In our course E-learning 3.0 (#el30) Stephen Downes had an interview with Pete Forsyth, Wikipedia-editor and Editor in Chief of the Signpost, a community newspaper covering Wikipedia and the Wikimedia movement. He also runs a blog about all things Wikipedia and wiki-based knowledge production. This was particularly interesting to me, since I use Wikipedia a lot and I like quoting it. The broader question here was how does Wikipedia avoid the fake news controverses and how do they arrive at consensus.

Since I’m used to quote Wikipedia, I was a bit shocked when Pete told us that people should not cite Wikipedia as such but rather the sources Wikipedia mentions to back up claims. There is no such thing as “Wikipedia”, there are people contributing articles or parts of articles, hopefully following the Wikipedia policies. It seems there are guidelines about what counts as a good source, which are similar to what journalists do when judging sources and their claims.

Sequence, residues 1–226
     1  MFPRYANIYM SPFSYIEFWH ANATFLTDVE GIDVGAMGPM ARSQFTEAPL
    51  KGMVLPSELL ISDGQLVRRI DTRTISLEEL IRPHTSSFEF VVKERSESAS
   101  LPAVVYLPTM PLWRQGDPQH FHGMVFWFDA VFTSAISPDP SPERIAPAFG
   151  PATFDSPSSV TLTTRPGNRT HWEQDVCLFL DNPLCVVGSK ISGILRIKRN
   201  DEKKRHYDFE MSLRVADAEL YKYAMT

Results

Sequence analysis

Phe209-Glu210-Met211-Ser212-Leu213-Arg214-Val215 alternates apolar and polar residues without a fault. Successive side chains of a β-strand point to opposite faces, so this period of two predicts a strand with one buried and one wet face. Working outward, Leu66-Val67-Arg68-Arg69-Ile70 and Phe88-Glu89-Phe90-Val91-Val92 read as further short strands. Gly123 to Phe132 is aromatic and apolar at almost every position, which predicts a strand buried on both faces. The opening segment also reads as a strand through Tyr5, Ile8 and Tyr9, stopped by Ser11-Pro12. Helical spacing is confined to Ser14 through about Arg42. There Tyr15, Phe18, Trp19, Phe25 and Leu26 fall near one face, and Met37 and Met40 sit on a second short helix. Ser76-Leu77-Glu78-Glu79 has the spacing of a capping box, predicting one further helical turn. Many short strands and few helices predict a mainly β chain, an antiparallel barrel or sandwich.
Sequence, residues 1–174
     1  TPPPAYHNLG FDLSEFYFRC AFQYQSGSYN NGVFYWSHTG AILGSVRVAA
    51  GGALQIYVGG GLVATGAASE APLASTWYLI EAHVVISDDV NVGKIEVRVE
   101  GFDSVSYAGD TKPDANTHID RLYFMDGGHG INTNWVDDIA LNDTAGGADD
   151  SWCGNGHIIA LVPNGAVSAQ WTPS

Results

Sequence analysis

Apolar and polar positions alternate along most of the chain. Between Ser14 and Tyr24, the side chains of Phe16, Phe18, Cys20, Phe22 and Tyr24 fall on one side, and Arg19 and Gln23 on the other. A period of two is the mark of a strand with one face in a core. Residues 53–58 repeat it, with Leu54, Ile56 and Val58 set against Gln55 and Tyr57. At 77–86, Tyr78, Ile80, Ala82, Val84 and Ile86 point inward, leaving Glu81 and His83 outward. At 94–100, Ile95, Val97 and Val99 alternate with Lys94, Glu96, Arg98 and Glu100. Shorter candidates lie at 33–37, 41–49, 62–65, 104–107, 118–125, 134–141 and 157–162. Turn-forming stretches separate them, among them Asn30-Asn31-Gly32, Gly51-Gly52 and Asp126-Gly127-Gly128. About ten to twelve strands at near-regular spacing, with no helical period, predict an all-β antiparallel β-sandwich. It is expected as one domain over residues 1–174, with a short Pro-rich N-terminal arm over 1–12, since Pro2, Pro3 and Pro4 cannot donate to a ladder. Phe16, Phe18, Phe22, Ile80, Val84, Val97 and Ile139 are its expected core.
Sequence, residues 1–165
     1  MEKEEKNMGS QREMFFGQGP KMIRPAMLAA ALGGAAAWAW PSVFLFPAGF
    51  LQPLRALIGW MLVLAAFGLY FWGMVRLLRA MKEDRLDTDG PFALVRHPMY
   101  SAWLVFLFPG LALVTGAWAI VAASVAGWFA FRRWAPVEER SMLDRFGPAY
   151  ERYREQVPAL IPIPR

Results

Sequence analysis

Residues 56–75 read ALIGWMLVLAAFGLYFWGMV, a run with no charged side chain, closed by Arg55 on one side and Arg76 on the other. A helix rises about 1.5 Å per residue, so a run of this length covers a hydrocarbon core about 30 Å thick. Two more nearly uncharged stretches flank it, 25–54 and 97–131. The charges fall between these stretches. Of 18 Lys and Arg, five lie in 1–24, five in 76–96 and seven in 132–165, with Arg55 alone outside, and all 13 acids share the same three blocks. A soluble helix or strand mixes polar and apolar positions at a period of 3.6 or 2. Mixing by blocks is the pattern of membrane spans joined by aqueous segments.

Still I do think it sometimes does make sense to quote Wikipedia, since it’s not just a totally decentralized platform where anything goes. There are policies, there is a Wikipedia-culture and standard practices. Especially for definitions, typically at the start of articles, it can make sense to refer simply to “Wikipedia” as often no references are available.

Of course it’s important to check the history of a Wikipedia entry and to have a look at the discussion page. The entry is an element to be judged on itself, and history, discussion and the quality and number of sources are all important elements.

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